“Go check,” said Angie. “But if you don’t come back, I’ll assume you were both in on spoiling my surprise party for me together.”

                “I’m not gonna leave, Angie, jeez. I’ll be right back.” The front door opened, someone went outside, and the door closed.

                Fenton couldn’t see Colin’s face in the dark but he could hear how unsteady his breathing was getting. It was becoming increasingly plausible that Colin was as ill at ease as Fenton, maybe even more so. However, sensing Colin’s extreme discomfort further stimulated Fenton’s extreme discomfort propelling him to new levels of feeling ill at ease.  In the living room, the party guests – or whatever one would call them now – had recovered from their initial shock at Angie’s surprise undoing of their surprise and were beginning to talk among themselves again in tones of concern and outrage, speculating, accusing, and denying.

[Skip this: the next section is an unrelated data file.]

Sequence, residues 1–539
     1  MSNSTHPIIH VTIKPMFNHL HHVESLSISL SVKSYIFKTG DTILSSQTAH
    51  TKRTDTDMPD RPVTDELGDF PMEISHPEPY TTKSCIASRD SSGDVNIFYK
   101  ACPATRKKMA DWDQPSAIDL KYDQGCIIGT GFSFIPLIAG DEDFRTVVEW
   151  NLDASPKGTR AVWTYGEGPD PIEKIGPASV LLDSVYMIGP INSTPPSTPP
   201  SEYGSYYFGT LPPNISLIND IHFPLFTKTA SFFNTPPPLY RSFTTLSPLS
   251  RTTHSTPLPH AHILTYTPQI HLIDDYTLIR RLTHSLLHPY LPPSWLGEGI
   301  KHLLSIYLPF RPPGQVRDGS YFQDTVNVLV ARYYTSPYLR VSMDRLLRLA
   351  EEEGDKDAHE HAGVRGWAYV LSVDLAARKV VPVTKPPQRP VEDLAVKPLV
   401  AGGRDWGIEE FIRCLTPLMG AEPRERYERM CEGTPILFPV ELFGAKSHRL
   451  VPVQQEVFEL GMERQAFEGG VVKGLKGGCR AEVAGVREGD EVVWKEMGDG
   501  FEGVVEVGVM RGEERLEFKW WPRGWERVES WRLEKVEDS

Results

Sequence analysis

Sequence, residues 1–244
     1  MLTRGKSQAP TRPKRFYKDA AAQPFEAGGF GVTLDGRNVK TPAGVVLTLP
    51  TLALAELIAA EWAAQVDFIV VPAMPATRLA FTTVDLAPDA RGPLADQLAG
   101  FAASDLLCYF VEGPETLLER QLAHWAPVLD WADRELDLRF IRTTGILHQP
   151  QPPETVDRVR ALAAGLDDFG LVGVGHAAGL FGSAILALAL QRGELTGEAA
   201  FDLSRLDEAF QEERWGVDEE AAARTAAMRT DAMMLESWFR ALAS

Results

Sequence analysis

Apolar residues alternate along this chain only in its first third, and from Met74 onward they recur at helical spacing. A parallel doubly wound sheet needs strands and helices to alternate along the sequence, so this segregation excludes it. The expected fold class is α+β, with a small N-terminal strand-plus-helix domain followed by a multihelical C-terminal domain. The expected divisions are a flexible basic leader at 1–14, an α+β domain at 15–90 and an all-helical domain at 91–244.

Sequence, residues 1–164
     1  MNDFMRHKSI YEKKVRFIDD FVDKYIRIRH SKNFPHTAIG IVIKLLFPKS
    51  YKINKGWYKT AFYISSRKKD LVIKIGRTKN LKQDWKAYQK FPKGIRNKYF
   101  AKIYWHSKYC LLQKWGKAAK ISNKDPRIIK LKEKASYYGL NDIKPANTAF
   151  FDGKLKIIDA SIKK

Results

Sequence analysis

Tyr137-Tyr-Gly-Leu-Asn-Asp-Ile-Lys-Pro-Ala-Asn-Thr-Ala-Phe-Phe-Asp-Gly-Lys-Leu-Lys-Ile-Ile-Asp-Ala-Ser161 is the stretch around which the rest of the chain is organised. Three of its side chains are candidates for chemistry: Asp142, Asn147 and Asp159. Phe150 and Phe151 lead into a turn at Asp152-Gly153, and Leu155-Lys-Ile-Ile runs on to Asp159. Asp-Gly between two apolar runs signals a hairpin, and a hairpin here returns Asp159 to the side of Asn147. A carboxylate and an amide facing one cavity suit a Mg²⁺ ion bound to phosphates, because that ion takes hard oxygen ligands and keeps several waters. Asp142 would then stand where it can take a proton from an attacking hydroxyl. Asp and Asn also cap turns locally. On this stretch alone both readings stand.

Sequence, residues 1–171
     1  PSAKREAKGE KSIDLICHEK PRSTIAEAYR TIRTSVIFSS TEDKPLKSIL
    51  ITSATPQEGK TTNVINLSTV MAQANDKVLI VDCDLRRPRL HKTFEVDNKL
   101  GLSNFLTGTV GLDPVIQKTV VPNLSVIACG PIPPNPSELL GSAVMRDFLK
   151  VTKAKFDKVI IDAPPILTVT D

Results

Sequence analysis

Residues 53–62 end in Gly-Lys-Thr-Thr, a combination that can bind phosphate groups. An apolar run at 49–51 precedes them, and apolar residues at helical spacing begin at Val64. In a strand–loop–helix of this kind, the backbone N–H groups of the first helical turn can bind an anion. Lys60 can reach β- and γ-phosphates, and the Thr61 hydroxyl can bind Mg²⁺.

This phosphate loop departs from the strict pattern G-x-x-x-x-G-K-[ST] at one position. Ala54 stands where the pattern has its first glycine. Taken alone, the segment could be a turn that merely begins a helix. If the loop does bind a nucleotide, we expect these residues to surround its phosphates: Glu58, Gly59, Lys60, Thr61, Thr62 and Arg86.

The front door opened again. “Colin’s car is still there.”

                “What does that mean?”

                “Either he left on foot or he’s still hiding.”

                “So he might still be in the house? Listening to all of this and staying hidden?”

                “Did anyone see him leave? No? Did anyone see where he hid?”

                “Maybe he went upstairs?”

                “Colin! If you’re here and you’re hearing this, come out!”

                “Everyone help me look for him,” said Angie. “John, go stand by his car so if he’s already out of the house, he can’t drive away.”